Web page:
Romance is Dead, Long Live Romance

Liz Lemon: I scheduled a root canal for February 14th, Jack. I will spend half the day in twilight sleep, then I will go home and watch the Lifetime original movie “My Step-son is My Cyber-husband.”

Jack Donaghy: Wow, that is inspired. You are truly the Picasso of Loneliness.

30 Rock, S04E13: Anna Howard Shaw Day

I remember when I used to dread Valentine’s Day. I couldn’t stand all the giddiness and flowers, the cards, the chocolates, the naked, cherubic, rosy-cheeked little Cupids hanging from the ceiling. Instead of a day that highlighted what love was about, for me Valentine’s Day was a day that highlighted not being loved at all. I wanted so much to be one of the chosen and instead it was a day that made me feel like the ugliest stepsister at the ball.

So I hated it. Hated it like the Grinch hated Christmas.

And now?

Now, I find I don’t care all that much about it anymore.

Sure, you’ll say.  Of course you wouldn’t care about it, why would you? You’re married, you’re done, you’re off the market, the pressure to find a mate is gone.

Romance as we know it – surprise helicopter rides and impromptu candlelit dinners at the top of some revolving restaurant in some unnamed metropolis – dies hard when one is married. And it doesn’t just get snuffed out like a flame, oh no. No, no, no. You won’t get that at all. You won’t even get the displeasure of having it ripped off like some sort of metaphysical band-aid, nursing the sting one moment, moving on the next. Romance doesn’t just die overnight; it dies gradually, struck blind by the kind of I-woke-up-like-this face not even a mother could love, deafened by the snoring, asphyxiated by morning breath and all the careless farting, until twelve years later you wake up and realize that yep, it’s gone.

It’s probably age. We’re both older now, and I don’t know about him, but I’m the kind of old that sees most things as a chore, measuring a choice or an activity against the remaining time I may have left on this earth. A lot of things are prefaced with “do I have enough time to do this and wait for myself to like it?” Or, “Why am I really doing this?”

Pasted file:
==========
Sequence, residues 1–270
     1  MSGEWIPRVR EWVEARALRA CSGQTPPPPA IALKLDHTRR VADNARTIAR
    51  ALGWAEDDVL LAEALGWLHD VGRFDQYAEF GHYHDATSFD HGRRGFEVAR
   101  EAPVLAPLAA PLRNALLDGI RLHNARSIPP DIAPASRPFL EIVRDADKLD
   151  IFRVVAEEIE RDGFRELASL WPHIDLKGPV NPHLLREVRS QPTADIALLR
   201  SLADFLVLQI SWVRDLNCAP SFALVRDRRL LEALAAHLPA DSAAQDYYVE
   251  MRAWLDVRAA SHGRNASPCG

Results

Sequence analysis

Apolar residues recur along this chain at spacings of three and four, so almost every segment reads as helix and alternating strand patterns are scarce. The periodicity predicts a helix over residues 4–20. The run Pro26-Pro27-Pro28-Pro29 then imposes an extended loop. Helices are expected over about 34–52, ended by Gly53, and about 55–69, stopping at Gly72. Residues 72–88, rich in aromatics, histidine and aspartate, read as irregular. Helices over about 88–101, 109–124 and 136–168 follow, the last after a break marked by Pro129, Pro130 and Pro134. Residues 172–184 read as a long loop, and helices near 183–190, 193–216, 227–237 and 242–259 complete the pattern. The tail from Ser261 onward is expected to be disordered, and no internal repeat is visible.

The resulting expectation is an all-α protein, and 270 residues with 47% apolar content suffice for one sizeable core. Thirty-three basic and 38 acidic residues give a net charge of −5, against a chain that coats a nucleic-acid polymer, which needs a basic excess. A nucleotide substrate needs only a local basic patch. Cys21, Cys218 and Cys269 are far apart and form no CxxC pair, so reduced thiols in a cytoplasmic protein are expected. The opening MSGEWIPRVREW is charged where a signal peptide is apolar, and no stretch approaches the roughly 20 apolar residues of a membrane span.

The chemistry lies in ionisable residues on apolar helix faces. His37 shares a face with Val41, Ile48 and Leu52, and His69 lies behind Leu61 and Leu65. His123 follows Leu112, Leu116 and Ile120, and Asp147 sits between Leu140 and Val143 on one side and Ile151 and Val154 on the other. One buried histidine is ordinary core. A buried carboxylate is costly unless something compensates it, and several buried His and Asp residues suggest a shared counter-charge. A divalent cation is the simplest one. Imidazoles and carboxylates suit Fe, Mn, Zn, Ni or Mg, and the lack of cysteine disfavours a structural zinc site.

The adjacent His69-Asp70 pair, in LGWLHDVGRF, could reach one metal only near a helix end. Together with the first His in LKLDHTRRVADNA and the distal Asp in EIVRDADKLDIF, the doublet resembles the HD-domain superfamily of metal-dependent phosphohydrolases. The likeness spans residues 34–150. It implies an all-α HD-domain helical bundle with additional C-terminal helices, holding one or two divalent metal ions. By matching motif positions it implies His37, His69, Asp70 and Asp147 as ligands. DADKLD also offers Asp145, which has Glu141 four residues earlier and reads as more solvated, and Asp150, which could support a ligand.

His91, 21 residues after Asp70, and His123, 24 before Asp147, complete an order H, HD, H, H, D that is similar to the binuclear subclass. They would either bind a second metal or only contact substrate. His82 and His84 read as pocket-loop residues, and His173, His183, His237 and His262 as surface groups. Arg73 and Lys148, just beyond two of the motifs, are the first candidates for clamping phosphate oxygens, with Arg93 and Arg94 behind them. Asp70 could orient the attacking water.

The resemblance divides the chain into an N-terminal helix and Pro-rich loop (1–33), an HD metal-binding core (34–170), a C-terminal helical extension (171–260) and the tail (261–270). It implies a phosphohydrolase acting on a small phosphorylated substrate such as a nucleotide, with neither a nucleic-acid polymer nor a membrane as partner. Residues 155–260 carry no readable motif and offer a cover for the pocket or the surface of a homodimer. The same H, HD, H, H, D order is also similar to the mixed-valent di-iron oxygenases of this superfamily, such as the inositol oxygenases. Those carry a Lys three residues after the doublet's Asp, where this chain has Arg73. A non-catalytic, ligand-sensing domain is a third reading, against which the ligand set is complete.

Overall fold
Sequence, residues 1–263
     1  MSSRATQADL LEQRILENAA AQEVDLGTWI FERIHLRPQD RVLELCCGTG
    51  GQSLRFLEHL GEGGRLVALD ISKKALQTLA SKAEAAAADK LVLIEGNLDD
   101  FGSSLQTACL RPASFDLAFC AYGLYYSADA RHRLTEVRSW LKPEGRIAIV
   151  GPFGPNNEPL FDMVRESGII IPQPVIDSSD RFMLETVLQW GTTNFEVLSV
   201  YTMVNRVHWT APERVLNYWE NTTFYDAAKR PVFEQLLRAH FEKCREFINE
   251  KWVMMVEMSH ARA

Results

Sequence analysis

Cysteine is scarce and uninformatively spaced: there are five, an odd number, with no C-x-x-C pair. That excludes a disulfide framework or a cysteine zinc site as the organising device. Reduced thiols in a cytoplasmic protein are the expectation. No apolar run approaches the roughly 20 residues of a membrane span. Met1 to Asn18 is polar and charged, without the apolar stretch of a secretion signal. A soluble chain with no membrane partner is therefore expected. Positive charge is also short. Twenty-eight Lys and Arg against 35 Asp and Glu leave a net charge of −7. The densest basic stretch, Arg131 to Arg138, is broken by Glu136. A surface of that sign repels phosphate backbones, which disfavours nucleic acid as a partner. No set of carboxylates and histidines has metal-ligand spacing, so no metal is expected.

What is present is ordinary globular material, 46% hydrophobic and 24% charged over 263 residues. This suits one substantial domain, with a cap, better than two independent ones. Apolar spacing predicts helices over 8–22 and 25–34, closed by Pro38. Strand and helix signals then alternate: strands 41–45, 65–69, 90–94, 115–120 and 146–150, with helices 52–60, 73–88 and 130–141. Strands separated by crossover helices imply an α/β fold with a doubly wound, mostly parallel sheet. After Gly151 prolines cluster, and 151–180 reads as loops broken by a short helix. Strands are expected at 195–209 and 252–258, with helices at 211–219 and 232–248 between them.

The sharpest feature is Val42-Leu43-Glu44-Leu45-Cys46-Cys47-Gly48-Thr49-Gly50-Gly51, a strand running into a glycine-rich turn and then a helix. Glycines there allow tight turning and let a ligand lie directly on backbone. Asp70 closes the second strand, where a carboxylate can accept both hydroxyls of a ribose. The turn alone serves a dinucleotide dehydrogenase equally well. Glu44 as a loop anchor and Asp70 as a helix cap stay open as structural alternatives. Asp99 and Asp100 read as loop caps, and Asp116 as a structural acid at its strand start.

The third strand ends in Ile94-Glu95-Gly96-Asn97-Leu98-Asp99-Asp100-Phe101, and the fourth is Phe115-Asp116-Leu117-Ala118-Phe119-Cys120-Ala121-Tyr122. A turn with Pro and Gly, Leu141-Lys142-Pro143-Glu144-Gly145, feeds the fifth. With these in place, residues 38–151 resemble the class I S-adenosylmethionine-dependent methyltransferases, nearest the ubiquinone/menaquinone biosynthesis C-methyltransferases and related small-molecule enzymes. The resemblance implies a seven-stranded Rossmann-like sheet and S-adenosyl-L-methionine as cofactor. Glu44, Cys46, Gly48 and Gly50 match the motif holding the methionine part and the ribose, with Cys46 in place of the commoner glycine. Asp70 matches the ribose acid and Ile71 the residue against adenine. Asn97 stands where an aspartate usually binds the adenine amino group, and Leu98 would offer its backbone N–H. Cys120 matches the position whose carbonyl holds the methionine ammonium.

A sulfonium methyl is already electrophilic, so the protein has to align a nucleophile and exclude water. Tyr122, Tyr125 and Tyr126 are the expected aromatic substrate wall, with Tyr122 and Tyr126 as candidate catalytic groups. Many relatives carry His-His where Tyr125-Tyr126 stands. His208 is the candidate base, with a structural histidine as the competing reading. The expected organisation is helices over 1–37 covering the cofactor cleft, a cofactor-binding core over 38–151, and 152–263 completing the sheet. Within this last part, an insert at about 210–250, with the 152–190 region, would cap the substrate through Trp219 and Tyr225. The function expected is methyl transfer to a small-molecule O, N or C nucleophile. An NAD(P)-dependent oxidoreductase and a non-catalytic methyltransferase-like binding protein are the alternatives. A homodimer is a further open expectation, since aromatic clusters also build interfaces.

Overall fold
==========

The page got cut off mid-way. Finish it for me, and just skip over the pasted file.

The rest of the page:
Keeping a marriage alive takes work. Hard work. Some days, you work hard to remember why you got married in the first place. The sometimes suffocating closeness of living in proximity with another person can take its toll. So no. No more schmoopy love notes. No more surprise flowers. No more spontaneous nights in hastily booked hotels, or ostentatious dinners in ostentatious restaurants, and ostentatious gifts to prove we love each other; right now, the most ostentatious thing we give each other is the fact that we’re still together, a grudging “I’m still here, aren’t I?”  which dissolves into mutual eyerolls and then a bit of a giggly cuddle.

Romance may be killed off as easily as the first sucker in a horror film, but love, now love is an entirely different animal. Love is a box of Michelina’s that gets eaten but replaced, making sure the “DO NOT EAT! EMERGENCY WORK FOOD” post-it looks just like it did on the original box because he doesn’t want you to know he ate it, but gets busted for it anyway. Love is putting up with getting pantsed. Love is getting dry humped randomly while doing the dishes. Love is waving at each other from the elevator. Love is surreptitiously patting him on the butt with a “giddy-up, horsie” as he pushes the yellow grocery cart at the local No Frills.

Love is the cockroach of emotions – it can survive anything, even a nuclear holocaust. And that’s okay with me. I don’t mind a little romance here and there, but I’m not going to let one single day dictate that I show it. Love is a tenacious little fucker, and if you ask me to choose between romance and love, I’ll take love any day of the week. 

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